Re: Package naming, disk organization

Eric Sosman <esosman@comcast-dot-net.invalid>
Mon, 01 Jul 2013 21:30:42 -0400
On 7/1/2013 5:39 PM, Dave wrote:

I'm having fun with Java (really!), but the real-world use of packages
is driving me crazy. If I were a corp. with a web site I might have a
something like this: org.davesjava.firstlgproj for a package
specification. I guess the disk drive files would be something like:
home/org/davesjava/firstlgproj (I use Linux, so there are no '\').

* I don't have a commercial organization (yet), so I would need
something else - but what? Would jsoft.davesjava.firstlgproj be ok? It
seems to work for one trial, but down the road...

* I read that Java programmers like to have a source path and a class
path on the hard drive, which makes sense. So how does that work for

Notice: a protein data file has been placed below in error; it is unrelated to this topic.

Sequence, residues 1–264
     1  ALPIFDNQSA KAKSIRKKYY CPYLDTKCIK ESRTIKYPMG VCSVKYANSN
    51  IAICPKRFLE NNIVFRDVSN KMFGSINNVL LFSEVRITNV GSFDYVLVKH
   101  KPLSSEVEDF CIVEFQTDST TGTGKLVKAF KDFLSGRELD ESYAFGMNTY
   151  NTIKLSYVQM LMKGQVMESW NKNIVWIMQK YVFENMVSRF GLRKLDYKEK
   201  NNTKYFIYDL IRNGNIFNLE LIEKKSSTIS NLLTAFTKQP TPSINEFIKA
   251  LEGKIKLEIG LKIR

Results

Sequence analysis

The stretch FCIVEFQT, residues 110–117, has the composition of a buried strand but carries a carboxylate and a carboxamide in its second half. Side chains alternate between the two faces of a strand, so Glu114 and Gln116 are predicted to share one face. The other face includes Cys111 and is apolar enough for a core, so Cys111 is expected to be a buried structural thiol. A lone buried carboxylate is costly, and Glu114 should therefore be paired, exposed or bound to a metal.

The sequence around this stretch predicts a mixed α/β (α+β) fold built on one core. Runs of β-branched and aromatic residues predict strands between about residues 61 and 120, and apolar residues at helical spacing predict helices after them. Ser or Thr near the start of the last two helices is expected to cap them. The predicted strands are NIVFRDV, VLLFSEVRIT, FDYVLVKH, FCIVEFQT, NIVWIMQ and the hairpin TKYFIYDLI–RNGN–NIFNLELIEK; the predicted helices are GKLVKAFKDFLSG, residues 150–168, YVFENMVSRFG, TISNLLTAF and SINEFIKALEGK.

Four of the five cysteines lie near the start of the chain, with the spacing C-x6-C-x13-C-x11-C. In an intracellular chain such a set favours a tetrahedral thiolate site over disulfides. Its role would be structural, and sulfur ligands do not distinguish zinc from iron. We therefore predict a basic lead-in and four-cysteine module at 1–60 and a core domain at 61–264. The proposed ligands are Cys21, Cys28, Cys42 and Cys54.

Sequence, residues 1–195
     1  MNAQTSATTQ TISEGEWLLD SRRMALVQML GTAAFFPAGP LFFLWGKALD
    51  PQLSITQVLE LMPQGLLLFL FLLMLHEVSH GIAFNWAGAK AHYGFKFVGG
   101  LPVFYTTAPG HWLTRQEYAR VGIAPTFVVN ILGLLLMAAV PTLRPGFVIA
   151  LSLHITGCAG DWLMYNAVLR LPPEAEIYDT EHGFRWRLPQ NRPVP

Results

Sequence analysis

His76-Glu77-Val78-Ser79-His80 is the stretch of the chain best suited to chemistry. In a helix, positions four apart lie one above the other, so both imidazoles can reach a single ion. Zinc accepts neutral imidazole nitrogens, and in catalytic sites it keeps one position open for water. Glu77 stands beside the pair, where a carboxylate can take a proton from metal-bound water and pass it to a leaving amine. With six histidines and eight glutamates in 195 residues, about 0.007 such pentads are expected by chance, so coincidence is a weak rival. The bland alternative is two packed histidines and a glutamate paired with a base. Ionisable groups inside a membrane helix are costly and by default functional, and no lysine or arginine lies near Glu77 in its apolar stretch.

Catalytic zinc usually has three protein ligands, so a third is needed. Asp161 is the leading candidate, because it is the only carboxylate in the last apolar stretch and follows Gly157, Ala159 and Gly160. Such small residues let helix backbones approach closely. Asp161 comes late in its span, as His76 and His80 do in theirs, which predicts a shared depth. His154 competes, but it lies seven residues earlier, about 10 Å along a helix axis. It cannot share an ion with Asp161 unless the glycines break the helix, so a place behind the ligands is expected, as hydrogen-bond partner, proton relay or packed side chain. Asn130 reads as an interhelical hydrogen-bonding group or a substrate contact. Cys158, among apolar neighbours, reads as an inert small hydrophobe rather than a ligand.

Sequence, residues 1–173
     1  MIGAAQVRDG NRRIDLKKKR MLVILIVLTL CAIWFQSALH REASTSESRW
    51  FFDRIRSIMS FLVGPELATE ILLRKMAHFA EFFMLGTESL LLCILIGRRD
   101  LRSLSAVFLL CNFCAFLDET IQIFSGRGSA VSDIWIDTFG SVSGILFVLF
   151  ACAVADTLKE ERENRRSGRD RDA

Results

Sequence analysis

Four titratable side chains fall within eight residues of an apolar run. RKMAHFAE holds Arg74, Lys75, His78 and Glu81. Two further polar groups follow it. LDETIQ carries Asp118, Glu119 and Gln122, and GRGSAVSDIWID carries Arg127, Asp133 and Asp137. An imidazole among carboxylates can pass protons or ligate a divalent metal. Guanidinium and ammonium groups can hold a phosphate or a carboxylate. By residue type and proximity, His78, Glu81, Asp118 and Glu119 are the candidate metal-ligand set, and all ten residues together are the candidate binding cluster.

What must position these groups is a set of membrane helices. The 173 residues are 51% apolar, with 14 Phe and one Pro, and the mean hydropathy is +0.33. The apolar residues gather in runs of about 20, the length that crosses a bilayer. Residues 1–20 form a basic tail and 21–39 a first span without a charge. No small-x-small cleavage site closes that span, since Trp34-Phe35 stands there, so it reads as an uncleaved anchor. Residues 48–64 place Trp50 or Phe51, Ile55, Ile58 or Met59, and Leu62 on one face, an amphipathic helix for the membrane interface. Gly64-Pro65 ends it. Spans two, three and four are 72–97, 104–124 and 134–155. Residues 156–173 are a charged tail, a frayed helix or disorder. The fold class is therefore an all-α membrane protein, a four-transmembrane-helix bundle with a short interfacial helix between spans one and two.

package specifications? Would it be: src/jsoft/davesjava/firstlgproj
and class/jsoft/davesjava/firstlgproj ? Assuming so, would a package
specification of jsoft.davesjava.firstlgproj still be ok?

* There is a conflict between a simple file structure and a conventional
package specification. For example, I may like:
home/jsoft/src/firstlgproj and home/jsoft/class/firstljproj , but that
translates into jsoft.class.firstlgproj - not exactly to convention.

So, I'm looking for some suggestions from people that have been there
done that.

     I concur with markspace and Martin Gregorie. As for the
actual package name, it matters a lot less nowadays than it may
have when Java was young. Y'see, the tools have learned about
Java and can easily "refactor" a package: Start with,
later change your mind and choose,
and the tools will handle the rename -- both of the renamed package
and of references to it in extra-package files.

     That, of course, assumes all the relevant sources are visible to
the tool when the rename occurs. If you've already distributed the package to umpty-leven other people who've been writing
their own code to use it, they may be somewhat perturbed when your
next patch release arrives and changes the world. But as long as the
code is in a "pre-public" stage, dboland.whatever is fine.

Eric Sosman

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